Microsoft gets support against its big battle with the U.S Government

Microsoft is finally getting support from tech giants including Google, Apple, and Amazon as it gears up to fight its biggest battle against the U.S Department of Justice, which it sued in April 2016 for violation of customer protection.

microsoft lawsuit

Google, Apple, Amazon support Microsoft

The lawsuit was filed when Microsoft’s plea to inform customers about any information request from the government was rejected by the authorities citing national security. This issue has arisen because of the ambiguity of virtual data, which unlike physical data doesn’t quite require a warrant to be accessed. This is because it is stored in a company’s data center and not a physical storage cabinet.

Since the boom in cloud storage in the last couple of years, the government sees these virtual servers as a safe haven for illicit activities and more than 5,600 demands for customer access have been sent to Microsoft in the past 18 months. This repetitive violation from the government entities forced the Redmond giant to take this huge step towards consumer protection.

In the past few months, cloud computing companies like Google and Amazon have faced similar brunt from US agencies hence the support is evident in the lawsuit filed by Microsoft.

The other side of the argument is quite logical and persuasive too. The government has been trying to tighten the noose over loose regulations in the US since 9/11 happened. This is just one part of the entire plan by has since been brought down by whistleblowers like Snowden, who allege that the authorities misuse their god-like powers.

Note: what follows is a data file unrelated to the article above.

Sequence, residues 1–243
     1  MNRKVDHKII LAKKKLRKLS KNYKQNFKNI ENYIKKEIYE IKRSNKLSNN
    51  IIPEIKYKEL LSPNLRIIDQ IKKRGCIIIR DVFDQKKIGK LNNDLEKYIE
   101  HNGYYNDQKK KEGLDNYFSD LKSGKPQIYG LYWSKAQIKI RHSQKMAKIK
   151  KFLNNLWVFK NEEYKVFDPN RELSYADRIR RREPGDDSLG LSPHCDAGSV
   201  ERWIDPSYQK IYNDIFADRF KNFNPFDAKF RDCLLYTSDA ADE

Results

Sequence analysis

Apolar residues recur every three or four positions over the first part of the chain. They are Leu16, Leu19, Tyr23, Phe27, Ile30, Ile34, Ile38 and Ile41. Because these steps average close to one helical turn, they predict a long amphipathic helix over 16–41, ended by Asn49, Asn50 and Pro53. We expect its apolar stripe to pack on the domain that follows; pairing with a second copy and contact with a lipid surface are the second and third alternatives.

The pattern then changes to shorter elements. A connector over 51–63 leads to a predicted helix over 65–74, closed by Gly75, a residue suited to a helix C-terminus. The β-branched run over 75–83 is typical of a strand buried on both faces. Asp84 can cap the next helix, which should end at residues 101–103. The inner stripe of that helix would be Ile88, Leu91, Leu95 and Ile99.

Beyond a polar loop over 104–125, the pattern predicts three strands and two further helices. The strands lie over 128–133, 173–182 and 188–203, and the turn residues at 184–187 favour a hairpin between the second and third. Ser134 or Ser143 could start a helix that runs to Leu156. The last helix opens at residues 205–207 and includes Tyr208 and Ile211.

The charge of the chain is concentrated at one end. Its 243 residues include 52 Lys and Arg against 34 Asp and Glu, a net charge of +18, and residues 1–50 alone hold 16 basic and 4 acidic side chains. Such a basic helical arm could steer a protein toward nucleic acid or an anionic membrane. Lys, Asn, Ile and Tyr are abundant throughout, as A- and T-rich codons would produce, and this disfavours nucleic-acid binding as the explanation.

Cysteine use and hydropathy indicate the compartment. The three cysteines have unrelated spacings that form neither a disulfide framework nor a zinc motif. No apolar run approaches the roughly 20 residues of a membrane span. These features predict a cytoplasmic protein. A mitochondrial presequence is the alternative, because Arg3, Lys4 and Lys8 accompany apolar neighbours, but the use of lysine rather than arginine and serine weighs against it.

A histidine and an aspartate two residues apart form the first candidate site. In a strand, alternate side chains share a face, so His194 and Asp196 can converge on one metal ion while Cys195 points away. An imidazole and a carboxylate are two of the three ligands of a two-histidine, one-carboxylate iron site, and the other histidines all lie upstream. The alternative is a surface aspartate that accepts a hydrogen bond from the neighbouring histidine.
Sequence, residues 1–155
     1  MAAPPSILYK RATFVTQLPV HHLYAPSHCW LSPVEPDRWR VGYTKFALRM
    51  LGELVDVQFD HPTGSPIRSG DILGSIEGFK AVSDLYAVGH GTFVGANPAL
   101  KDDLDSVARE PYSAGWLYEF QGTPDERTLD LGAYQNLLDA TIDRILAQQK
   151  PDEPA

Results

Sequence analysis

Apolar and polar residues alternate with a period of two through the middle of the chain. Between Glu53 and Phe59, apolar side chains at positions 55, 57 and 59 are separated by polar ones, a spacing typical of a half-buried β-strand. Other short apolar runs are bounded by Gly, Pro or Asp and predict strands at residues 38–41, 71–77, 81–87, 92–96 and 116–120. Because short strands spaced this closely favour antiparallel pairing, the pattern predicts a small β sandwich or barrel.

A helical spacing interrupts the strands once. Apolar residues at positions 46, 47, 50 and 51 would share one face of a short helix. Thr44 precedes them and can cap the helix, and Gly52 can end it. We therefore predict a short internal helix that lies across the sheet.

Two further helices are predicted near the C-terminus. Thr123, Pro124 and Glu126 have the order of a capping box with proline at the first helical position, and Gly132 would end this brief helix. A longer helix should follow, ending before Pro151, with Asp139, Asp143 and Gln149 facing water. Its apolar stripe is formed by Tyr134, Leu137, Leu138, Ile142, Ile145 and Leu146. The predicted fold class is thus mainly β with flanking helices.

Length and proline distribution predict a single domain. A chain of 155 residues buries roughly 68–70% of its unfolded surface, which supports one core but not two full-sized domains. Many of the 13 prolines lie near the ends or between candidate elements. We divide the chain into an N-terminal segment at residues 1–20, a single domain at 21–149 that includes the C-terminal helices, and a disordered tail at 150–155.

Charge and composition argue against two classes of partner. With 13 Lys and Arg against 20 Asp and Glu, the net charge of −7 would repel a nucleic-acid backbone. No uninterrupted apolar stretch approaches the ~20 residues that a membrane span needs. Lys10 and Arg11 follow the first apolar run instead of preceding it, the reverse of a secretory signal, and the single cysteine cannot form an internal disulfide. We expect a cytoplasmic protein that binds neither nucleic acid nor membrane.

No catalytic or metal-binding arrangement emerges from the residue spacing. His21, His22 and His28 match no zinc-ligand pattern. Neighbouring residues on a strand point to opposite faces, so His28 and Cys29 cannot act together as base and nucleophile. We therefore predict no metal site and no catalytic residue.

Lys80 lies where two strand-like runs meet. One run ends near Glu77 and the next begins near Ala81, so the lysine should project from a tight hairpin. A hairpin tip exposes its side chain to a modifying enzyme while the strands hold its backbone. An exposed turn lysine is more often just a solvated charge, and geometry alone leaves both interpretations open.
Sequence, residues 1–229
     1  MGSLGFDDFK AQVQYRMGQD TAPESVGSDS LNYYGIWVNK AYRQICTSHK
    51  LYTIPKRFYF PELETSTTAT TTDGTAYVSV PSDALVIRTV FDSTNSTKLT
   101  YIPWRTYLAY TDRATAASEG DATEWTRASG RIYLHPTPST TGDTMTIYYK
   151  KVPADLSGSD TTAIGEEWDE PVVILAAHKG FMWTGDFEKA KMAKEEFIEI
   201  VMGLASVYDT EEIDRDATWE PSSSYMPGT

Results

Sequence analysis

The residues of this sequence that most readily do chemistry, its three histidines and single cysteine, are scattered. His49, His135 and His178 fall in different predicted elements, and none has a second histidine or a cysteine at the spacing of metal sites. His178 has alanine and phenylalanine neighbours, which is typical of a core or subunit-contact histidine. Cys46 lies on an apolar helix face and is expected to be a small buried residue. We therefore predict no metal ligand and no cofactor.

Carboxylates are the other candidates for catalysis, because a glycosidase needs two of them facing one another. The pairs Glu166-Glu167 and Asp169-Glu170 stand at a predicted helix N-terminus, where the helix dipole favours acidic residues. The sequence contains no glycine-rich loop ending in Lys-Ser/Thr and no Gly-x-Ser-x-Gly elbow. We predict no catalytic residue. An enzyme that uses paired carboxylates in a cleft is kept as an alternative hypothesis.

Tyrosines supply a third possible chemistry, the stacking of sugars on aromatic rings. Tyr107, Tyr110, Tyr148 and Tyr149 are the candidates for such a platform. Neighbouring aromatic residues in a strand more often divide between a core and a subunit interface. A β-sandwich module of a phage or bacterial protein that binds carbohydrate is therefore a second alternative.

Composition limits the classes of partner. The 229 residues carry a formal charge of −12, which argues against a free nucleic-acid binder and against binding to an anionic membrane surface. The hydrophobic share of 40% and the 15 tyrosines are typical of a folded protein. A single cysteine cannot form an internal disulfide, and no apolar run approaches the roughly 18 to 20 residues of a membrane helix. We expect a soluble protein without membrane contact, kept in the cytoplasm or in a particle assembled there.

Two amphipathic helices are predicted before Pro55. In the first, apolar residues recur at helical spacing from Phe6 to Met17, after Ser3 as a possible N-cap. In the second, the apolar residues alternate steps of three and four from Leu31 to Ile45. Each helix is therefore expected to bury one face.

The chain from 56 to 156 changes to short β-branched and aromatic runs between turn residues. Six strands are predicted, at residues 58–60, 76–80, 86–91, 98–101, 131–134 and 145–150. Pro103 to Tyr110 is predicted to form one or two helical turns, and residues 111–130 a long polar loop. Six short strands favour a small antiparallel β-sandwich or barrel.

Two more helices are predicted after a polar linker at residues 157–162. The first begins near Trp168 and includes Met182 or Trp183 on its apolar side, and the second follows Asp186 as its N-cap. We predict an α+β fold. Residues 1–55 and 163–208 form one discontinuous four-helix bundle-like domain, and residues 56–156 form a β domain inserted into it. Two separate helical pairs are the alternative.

Apart from Microsoft, other news outlets like Fox News,  the National Newspaper Association and The Washington Post, have also filed court cases against the Justice Department. These outlets actively use Microsoft’s cloud services and are equal sufferers of investigative requests.

The great news is that The U.S. Chamber of Commerce, the National Association of Manufacturers, and the Electronic Freedom Foundation have filed documents in court that support Microsoft’s stance.

Posted by with Tags
A constant learner of gadgets, Ankit has been writing about technology and the internet, in general, for the past three years, and has written for several well-known media outlets.

Leave a Reply

Your email address will not be published. Required fields are marked *

5 + 2 =